Do I have to accept a redundancy if the redeployment options offered are not suitable?

Do I have to accept a redundancy if the redeployment options offered are not suitable?

In an age where employers are becoming increasingly cost-focussed in the face of economic stagnation and narrowing profit margins, employees are often made redundant in an attempt to save on wage costs.

Many employees who are made redundant feel powerless to contest this decision and are often forced to consider unsuitable options for redeployment or face unemployment.

The question as to whether an employee is required to accept a redundancy is dependent on whether the redundancy is ‘genuine’.

An employer is only entitled to terminate the employment of an employee by reason of redundancy in a situation where:

  1. The employer no longer requires the employee’s role to be performed by any other person, and;
  2. The employer has complied with any obligation in an applicable modern award or enterprise agreement to consult about the redundancy.

In addition to this criteria, the redundancy will also not be recognised as genuine where it would have been reasonable in all the circumstances for the employee to be redeployed elsewhere within the employer’s enterprise.

What constitutes a ‘reasonable’ redeployment is often the subject of controversy between the employer and employee, particularly when an employee deems the options presented unsuitable.

An employee who feels that they have been presented with unsuitable options for redeployment may contest their redundancy, if it can be established that another reasonably suitable position exists within the employer’s enterprise or the enterprise of an associated entity.

An employer may attempt to defend this allegation by pointing to differences between the employee’s previous role and the proposed redeployment option with reference to:

  • Remuneration;
  • Duties and responsibilities;
  • Hours of work;
  • Travel times; and
  • Any other requirements or conditions surrounding employment in the proposed role.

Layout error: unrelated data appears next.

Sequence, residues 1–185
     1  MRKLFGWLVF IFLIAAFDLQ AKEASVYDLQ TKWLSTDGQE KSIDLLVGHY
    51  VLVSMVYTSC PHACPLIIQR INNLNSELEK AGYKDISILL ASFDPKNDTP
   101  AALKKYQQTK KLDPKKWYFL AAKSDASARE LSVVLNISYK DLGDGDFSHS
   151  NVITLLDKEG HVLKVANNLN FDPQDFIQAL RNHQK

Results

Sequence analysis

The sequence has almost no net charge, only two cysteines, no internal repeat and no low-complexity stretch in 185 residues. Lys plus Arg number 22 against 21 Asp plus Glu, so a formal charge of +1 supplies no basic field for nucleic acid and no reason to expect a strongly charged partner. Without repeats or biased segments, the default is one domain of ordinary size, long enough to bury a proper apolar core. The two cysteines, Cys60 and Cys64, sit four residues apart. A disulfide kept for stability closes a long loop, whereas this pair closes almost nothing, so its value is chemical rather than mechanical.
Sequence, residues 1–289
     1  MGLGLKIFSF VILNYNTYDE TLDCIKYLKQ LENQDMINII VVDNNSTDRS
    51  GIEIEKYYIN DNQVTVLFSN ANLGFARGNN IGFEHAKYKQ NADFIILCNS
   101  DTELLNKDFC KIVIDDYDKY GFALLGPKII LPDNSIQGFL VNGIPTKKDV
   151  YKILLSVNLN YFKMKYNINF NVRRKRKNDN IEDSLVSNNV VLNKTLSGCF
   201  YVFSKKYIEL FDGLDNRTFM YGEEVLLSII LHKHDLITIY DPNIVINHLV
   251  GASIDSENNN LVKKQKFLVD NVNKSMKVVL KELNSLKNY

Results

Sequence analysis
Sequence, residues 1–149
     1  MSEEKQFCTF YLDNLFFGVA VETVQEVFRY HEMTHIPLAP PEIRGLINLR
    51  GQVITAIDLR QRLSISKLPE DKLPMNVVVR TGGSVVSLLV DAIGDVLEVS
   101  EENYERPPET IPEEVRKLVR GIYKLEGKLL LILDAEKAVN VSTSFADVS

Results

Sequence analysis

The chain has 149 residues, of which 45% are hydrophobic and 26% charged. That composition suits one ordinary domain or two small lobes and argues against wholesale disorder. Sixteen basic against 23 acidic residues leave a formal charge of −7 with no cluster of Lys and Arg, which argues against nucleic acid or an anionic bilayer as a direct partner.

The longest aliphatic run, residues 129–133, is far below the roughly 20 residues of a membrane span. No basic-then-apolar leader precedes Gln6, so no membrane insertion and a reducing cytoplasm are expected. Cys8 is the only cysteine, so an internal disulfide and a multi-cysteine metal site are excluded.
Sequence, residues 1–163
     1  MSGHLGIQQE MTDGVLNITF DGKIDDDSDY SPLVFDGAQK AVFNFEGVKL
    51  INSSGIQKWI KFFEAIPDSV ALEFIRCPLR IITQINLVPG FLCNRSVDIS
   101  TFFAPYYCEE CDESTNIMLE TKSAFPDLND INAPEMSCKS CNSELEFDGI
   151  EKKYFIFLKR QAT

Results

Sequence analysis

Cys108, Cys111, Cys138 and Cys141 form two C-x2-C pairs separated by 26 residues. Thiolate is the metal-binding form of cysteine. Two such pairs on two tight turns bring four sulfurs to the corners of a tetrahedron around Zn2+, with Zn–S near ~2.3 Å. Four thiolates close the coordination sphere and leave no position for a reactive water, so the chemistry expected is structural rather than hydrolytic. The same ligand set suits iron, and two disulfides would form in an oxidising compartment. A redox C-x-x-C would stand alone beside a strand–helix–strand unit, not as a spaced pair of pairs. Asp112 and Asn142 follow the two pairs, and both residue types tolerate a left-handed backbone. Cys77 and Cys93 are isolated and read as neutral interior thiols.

In recent cases, the Fair Work Commission has emphasised the need for employers to consult employees about the kinds of roles that they would consider suitable. In these situations employees should take the opportunity to express to their employer any desirable alternative roles or conditions of employment they would consider.

For example, if an employee expresses indifference to receiving a significantly reduced remuneration package, the employer may be obliged to consider redeploying them to vacant positions despite the fact that it may not pay as well.

In some instances, the Fair Work Commission has imposed an obligation on employers to offer training to staff who have been made redundant, in order to equip them with the skills required for redeployment to a vacant position. Whether such obligations should be imposed upon employers is often assessed on a case-by-case basis.

However, failure by an employer to fulfil its responsibility to offer an employee reasonable opportunities for redeployment may give rise to a successful unfair dismissal claim by the aggrieved employee.

Further, if an employer imposes a redundancy on an employee where appropriate redeployment options exist due to a prohibited reason such as the exercise of a workplace right, family responsibilities or race, this may also give rise to a successful General Protections claims with the Fair Work Commission.

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